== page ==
On pure economic grounds, Mr. Leonard seems to prefer a straight carbon tax,
which would be simpler and more efficient than cap and trade. But he also notes
that "the political will to go the tax route . . . is just not there.

Nonexistent" -- namely because the use of the word "tax." The key, he says, is
to design a cap-and-trade program that will "simulate the same thing a tax would
do." That is, to achieve the increased energy prices essential to the success of
cap and trade.

Mr. Leonard does evince a certain . . . uneasiness with the direction of climate
politics. "The old adage of 'think globally, act locally' -- it still works," he
says. "But with climate change, for it to really be effective, we have to take
that thought much more completely and much more deeply than probably we've ever
really thought about an issue."

He notes China's breakneck construction of conventional coal plants. China has
already surpassed U.S. coal capacity and is on pace to double it sometime in the
middle of the next decade. The U.S., he says, could close down every single coal
plant immediately and that would be "working to a global solution, acting
locally. But that wouldn't do much good in the scheme of things," because
atmospheric CO2 concentrations would continue to rise as China continues to expand.

"We go to zero emissions in this country, and if China doesn't follow us, we're
nowhere. . . . We've just ruined our economy, and we're nowhere," Mr. Leonard
says. "We make mistakes here," meaning a poorly designed carbon system, "and we
have a real problem." He goes on, "We talk about that we should lead, then
people will follow, but that's kind of" -- he pauses -- "silly. China's not
going to follow us because we're the United States. . . . You say, 'Shut down
your plants' -- well, that's going to be a short conversation. They've got $2
trillion invested in their plants and they still aren't feeding all their
people." He adds that "If we were China, we wouldn't shut our plants down either."

Mr. Leonard argues that the best way to square these circles is to channel U.S.
basic research dollars into the technology that can retrofit existing coal
plants with carbon capture technology. Most current funding is devoted to
second-generation systems that are still 10 or 20 years away from commercial
deployment, at best. "We should spend 99% of our time on the problem that we
have today, and it ain't going away," he says, referring to coal emissions. He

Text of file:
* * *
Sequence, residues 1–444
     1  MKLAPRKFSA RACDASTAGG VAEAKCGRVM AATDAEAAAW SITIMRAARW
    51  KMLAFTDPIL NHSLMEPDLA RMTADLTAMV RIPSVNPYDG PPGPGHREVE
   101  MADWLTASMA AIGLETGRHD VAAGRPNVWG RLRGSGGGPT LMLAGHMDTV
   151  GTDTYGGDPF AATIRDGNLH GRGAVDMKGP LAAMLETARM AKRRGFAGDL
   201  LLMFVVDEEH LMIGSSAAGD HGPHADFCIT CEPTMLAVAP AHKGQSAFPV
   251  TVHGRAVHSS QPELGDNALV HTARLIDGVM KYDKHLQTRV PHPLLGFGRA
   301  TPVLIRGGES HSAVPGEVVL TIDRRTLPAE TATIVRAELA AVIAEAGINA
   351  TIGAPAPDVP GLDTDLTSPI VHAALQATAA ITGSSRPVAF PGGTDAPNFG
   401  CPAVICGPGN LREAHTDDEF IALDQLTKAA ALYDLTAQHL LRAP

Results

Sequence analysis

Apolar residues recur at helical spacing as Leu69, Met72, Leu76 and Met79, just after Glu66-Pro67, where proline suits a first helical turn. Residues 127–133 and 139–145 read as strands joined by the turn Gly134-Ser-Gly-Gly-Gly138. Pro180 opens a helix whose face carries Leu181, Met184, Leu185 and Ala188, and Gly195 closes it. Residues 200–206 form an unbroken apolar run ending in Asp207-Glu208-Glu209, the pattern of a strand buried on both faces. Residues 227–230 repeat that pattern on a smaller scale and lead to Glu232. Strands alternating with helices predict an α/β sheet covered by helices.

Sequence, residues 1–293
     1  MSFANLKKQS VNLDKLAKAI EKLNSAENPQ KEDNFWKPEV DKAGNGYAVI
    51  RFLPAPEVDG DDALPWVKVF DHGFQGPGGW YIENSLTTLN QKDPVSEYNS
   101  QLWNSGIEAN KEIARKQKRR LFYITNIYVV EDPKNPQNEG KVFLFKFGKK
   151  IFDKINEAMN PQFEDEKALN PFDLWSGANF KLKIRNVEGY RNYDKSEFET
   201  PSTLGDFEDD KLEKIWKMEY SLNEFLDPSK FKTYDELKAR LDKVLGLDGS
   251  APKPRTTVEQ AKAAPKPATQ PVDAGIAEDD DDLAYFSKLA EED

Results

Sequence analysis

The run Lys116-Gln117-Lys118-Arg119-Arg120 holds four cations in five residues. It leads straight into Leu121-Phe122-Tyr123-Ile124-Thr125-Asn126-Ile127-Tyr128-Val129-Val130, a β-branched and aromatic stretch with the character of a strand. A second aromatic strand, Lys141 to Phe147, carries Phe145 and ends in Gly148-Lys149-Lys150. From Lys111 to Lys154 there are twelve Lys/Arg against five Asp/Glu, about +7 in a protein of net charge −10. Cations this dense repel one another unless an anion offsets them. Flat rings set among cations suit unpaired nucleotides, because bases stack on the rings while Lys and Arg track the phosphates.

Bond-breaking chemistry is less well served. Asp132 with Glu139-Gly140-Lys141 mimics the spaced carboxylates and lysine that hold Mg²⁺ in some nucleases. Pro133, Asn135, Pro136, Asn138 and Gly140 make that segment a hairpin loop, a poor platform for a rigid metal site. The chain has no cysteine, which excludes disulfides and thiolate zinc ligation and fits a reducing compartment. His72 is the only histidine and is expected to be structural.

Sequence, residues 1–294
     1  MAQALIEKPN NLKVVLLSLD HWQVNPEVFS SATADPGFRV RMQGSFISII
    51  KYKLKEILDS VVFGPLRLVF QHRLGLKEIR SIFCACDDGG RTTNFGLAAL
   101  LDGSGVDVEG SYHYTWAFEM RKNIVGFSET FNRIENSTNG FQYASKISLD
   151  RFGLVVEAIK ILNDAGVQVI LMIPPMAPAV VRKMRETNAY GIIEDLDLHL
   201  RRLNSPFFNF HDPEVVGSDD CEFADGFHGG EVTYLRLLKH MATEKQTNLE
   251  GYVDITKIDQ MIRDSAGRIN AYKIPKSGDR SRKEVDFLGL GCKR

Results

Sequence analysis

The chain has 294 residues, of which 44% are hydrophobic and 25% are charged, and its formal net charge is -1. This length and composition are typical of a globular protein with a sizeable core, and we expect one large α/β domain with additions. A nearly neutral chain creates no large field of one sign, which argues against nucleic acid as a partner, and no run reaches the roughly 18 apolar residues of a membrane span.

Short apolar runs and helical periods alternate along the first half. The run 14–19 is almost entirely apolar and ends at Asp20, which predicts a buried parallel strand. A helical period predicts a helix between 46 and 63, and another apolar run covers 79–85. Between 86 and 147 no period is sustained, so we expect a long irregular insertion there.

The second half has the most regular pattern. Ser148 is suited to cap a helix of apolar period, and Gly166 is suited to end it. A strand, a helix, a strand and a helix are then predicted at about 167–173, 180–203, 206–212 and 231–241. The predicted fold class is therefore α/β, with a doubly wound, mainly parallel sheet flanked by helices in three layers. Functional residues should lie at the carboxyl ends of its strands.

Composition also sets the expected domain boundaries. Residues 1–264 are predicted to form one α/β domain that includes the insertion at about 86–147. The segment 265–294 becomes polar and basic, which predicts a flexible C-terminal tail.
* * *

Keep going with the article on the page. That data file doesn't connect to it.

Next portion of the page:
also sees retrofit technology as a realistic way to curb Chinese emissions:
"They're going to follow because we can offer them something."

Mr. Leonard worries, too, that Congress may make matters worse as it takes up
climate change legislation this spring or summer. One proposal that enjoys wide
Democratic support is a "renewable portfolio standard," which would mandate that
utilities generate a certain percentage of their electricity -- as high as 20%
-- from renewable sources like wind or solar. Nuclear, naturally, does not qualify.

Mr. Leonard points to yet another energy policy contradiction, which is that a
portfolio standard -- which Congress would impose on top of cap and trade --
would actually increase carbon emissions. Power companies would be more likely
to use renewables to replace sources like natural gas, which is relatively lower
in carbon but also expensive, rather than to displace coal, which is cheaper and
more abundant but also produces more emissions.

While Mr. Leonard says -- repeatedly -- that Entergy has nothing against solar
or wind, "Our view is that government shouldn't be in the business of picking
technologies. . . . And we're moving down a path where we're mandating
renewables instead of a price signal to do it. We're . . . moving toward a
planned economy by mandating a technology. Well, if we're a planned economy, if
we're mandating technologies, then we don't have a whole plan."

"The focus," Mr. Leonard reiterates, "should be on developing the cap-and-trade
program: Setting the amount of reductions, where we want to be, setting the
price signal that works so that it's not so high that it shuts down coal plants
prematurely, and that's not so low that it becomes a loophole and people don't
end up doing anything -- and all we end up doing is taxing people, and God knows
what the government will do with that money."

"This needs to be done with a fine pen to get it right," he adds.

Still, the government is not exactly run by omniscient technocrats. Does he
believe that Congress -- with its entrenched constituencies, its own
self-interest, its many antibusiness biases -- can actually create a climate
system that is as sensitive and efficient as he envisions? That is, can the
political class actually write the same bill that economists would write?

"That is really the tough part," Mr. Leonard says. "The trade-offs are not
simple. . . . With a well-crafted bill, the market will make those choices. Or
you can do it with a planned economy, and hope you get it right."